In all, 27,862 jawans and officers of central paramilitary forces have taken voluntary retirement and resigned from 2015 till January 31 this year, the numbers growing five-fold since 2015.
The central paramilitary forces include Central Reserve Police Force (CRPF), Border Security Force (BSF), Indo Tibetan Border Police (ITBP), Sashastra Seema Bal (SSB), Central Industrial Security Force (CISF) and Assam Rifles.
According to the latest ministry of home affairs figures, tabled in the Parliament, number of jawans and officers leaving central paramilitary forces for better career opportunities has increased almost five times since 2015.
As compared to 3,422 personnel from these forces resigning or taking voluntary retirement in 2015, in 2017 the number touched 14,587.
The trend was most marked in the two largest forces – CRPF and BSF, which are crucial for border and internal security of the country. BSF, which guards India’s borders with Pakistan and Bangladesh and is also deployed for some internal security tasks, had 11,198 personnel leaving the force since 2015.
In the same period, the CRPF, responsible for law and order duty and fighting extremists in left wing affected states, Jammu and Kashmir and north east, saw 10,620 leaving their jobs.
Despite the government’s claims of working for the welfare of armed forces personnel, the trend shows that maximum number of people have left the service in last two years.
The number of Constables/head constables and other lower staff in CRPF who left the force in 2015 was 1,156 but in 2017, 4,154 jawans decided to leave.
Similarly, while 35 gazetted officers had left CRPF in 2015, 59 such officers left the force last year.
BSF, which was in the middle of a controversy over bad quality food given to jawans as alleged by suspended Constable Tej Bahadur Yadav, is the worst hit when it comes to attrition. Out of 11,198 personnel who left the border guarding force, 5,505 jawans, 839 subordinate officers and 71 gazetted officers resigned or took VRS last year. In 2015, the numbers leaving the force were 741 jawans, 132 subordinate officers and 36 gazetted officers.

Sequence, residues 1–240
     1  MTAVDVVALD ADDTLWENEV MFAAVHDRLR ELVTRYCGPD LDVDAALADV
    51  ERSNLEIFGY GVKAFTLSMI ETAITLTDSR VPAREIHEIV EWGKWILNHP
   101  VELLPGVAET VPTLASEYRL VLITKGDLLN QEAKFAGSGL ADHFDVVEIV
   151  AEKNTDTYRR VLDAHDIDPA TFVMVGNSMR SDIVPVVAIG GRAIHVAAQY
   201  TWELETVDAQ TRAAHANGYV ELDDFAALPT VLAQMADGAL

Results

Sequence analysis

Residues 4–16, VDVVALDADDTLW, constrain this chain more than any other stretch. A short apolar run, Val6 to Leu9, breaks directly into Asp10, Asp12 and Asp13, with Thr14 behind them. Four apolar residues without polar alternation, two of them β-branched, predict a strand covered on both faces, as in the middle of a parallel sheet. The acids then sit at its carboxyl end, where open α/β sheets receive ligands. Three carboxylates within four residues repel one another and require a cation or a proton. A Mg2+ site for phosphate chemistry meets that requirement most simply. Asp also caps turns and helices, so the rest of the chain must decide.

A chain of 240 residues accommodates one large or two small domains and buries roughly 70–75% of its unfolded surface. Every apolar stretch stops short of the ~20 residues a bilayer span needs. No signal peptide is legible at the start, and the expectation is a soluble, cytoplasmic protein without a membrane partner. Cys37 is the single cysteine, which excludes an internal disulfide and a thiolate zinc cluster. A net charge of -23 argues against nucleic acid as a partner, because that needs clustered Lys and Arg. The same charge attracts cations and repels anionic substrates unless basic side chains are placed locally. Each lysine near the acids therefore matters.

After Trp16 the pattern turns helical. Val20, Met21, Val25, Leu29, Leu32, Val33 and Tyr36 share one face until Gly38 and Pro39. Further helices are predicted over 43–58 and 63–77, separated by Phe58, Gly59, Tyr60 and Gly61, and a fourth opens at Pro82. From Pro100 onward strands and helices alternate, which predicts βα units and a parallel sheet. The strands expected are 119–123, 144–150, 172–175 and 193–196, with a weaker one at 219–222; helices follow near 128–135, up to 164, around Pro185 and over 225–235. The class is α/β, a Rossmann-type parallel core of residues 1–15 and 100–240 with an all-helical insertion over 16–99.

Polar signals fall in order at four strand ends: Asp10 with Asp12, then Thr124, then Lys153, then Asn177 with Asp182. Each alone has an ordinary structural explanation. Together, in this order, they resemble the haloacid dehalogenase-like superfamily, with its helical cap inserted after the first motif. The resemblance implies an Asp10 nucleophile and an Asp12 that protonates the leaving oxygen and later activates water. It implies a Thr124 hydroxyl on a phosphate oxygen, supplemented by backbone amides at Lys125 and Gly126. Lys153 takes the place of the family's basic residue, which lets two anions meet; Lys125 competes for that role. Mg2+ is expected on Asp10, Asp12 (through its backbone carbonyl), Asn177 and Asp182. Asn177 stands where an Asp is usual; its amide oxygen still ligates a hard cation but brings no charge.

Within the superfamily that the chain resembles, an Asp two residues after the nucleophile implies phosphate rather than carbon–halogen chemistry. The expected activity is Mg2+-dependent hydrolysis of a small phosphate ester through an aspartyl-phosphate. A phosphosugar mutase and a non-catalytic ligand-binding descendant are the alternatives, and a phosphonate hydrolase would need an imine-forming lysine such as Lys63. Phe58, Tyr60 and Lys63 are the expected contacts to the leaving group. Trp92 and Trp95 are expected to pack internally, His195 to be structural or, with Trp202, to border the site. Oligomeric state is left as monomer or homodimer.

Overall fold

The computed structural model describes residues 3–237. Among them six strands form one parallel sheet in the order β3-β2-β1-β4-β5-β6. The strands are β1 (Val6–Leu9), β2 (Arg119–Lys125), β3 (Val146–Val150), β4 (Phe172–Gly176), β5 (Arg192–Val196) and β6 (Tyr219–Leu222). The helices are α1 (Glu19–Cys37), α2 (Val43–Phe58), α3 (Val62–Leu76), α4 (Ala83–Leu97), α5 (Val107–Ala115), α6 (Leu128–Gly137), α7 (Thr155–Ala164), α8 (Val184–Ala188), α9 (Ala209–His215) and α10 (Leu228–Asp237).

In all, 27,862 jawans/officers of central paramilitary forces have taken voluntary retirement and resigned since 2015 till January 31 this year.
The numbers have increased since 2015 every year with almost twice the jawans/officers leaving these forces. In 2016, 8912 total jawans/subordinates/gazetted officers left the central forces while the number reached 14,587 last year.
This year, 744 personnel have already left the service till January 31.
A report in Times of India quoted former CRPF chief K Durga Prasad on the issue: “Life in central paramilitary forces is extremely hard. These boys and girls don’t get time for their families and they are posted in areas with awful living conditions, zero connectivity. You look at CRPF, these men are in left wing affected states with no roads and they travel to a road for months for its construction but it takes 18 months or years for administration to complete the work while men die. They lose their limbs, die every day on the job.”
Prasad said that CAPF personnel work in high stress and don’t get bare minimum facilities.
The report quoted a senior officer as saying that this trend of jawans leaving forces will continue till 2024. He said that a lot of jawans/officers are leaving for better jobs in private sector, like security agencies, companies looking for guards, security advisers. A large number has also left after 2015 because of implementation of 7th pay commission which allows those having served for more than 20 years to go away with increased pension throughout life, said the report quoting an officer.
Minister of State for home Kiren Rijiju said in Parliament that force personnel proceeded on voluntary retirement and resignation “mainly due to various personal and domestic reasons, including children/family issues, health/illness of self or family, social/family obligations and commitments among others.”
“Some personnel also sought voluntary retirement to enjoy a static life as well as pensionary benefits after completing 20 years of service,” said Rijiju.